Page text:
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How does Git know if you have uncommitted changes in the working tree? (Part 1)

captainsafia profile image Safia Abdalla ・4 min read

In one of my last blog posts, I started digging into how git-status works. I ended up going into a little bit of a rabbit hole. As it turns out, the git-status command intersects with the Git differ and the way that state about the current working tree is managed. I ended up setting aside two specific questions to answer in my blog post.

  • How does Git execute diffs and how does it manage diffed state?
  • How does Git manage the state of the working tree?

In my last blog post, I answered the second question pretty fully. In this blog post, I’d like to tackle the first question. So let’s get right into it!

As a remainder, the relevant chunk of code that I am looking into is in the portion of the code base that is responsible for checking whether or not there are currently uncommitted changes in a repository. The function looks something like this.

int has_uncommitted_changes(int ignore_submodules)
{
    struct rev_info rev_info;
    int result;

    if (is_cache_unborn())
        return 0;

    init_revisions(&rev_info, NULL);
    if (ignore_submodules)
        rev_info.diffopt.flags.ignore_submodules = 1;
    rev_info.diffopt.flags.quick = 1;
    add_head_to_pending(&rev_info);
    diff_setup_done(&rev_info.diffopt);
    result = run_diff_index(&rev_info, 1);
    return diff_result_code(&rev_info.diffopt, result);
}

Sidebar: I dunno why I said “something like this.” The above is the exact definition of the function per the pinned version of the code base I’ve been reading. Ya get what I mean…

I get the send that this is gonna end up being one of those code reads that I leave with more questions than answers. As I’ve said many times before, such is life.

The first thing I wanted to dig into is the rev_info struct that is used throughout the code snippet above. So what does the definition of the rev_info struct look like. Well, let me tell you, it’s got a whole lot going on. Here’s a link to the definition for those who are brave.

If I included the code for the rev_info struct, it would be far too much. Instead, I’ll try my best to summarize the parts of hte struct that are used in the code snippet above.

The diffopt variable represents a diff_options structure. The diff_options struct which includes options related to the generation of the diff between files.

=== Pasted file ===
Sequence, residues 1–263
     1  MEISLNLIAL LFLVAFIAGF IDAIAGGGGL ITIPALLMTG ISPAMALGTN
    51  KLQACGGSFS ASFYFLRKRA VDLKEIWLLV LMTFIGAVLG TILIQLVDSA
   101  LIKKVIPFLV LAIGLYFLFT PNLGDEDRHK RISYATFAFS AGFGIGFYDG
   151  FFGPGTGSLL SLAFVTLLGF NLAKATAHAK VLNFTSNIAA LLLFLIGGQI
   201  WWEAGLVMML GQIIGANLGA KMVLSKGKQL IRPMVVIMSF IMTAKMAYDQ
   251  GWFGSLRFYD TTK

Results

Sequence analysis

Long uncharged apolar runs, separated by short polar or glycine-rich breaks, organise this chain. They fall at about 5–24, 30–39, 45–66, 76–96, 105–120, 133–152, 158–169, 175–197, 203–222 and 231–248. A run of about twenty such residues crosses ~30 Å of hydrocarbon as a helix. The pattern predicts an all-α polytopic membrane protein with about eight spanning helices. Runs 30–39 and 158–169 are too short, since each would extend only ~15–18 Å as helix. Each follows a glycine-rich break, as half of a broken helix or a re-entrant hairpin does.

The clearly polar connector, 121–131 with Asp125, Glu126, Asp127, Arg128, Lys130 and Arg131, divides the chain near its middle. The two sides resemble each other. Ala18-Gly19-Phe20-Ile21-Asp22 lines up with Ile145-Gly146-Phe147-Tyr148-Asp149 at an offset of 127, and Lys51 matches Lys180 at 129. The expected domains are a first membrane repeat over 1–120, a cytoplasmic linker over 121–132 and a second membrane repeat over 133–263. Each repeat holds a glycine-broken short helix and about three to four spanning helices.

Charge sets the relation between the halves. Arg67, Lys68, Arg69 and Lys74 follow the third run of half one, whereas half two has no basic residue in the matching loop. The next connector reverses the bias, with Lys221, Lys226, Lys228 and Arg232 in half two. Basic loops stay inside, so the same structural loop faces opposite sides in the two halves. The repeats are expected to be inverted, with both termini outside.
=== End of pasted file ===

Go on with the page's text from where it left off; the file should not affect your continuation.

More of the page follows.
The ignore_submodules flag dicates whether or not changes in submodules should be considered.

It took a while to figure out what the quick flag did. I’m not totally sure but from reading how the flag is used throughout the codebase, I figure that it is used in the same way that the --brief flag works for the diff command in Unix. In sum, it only shows output when files differ. The line of code that hinted me towards this is here. In sum, when the quick flag is set to true the REV_LIST_QUIET flag is toggled.

OK. I hope that made sense. It’s really hard to convey what these structs represent because it involves reading chunks of code across disparate places and then trying to piece together a sense of what might be going on. It’s a lot like solving a puzzle. And some things don’t translate well unless you’ve had the experience of solving the puzzle.

Anyways, the next thing that I wanted look into is the init_revisions function. The name is a big hint as to what the function does. It initializes the rev_info struct with some default configurations. There’s also some other business going on with init_grep_defaults, but I’ll into that at some other point. Stay focused, Safia!

The next function to look into is the add_head_to_pending function. This function is one of those functions with a few lines of code but a lot going on underneath.

void add_head_to_pending(struct rev_info *revs)
{
    struct object_id oid;
    struct object *obj;
    if (get_oid("HEAD", &oid))
        return;
    obj = parse_object(&oid);
    if (!obj)
        return;
    add_pending_object(revs, obj, "HEAD");
}

Alright! So it looks like we are messing around with objects here. If you’ve been around this blog for a while, I dived into this a little bit in the first blog post where I explored the contents of the Git directory.

I think this is a good point to stop and set aside some questions to guide future explorations. Some things I wanna figure out are:

  • What does init_grep_defaults do?
  • What is an object from a filesystem perspective and from a data structure perspective?
  • What does it mean to add an object to HEAD?
  • Why is the rev_info struct so damn dense?

That being said, I thought it was pretty good that I clarified what rev_info was in the context of Git. Like I said before, I knew I was gonna leave this with more questions than answers.

Until next time! I gotta go to bed…

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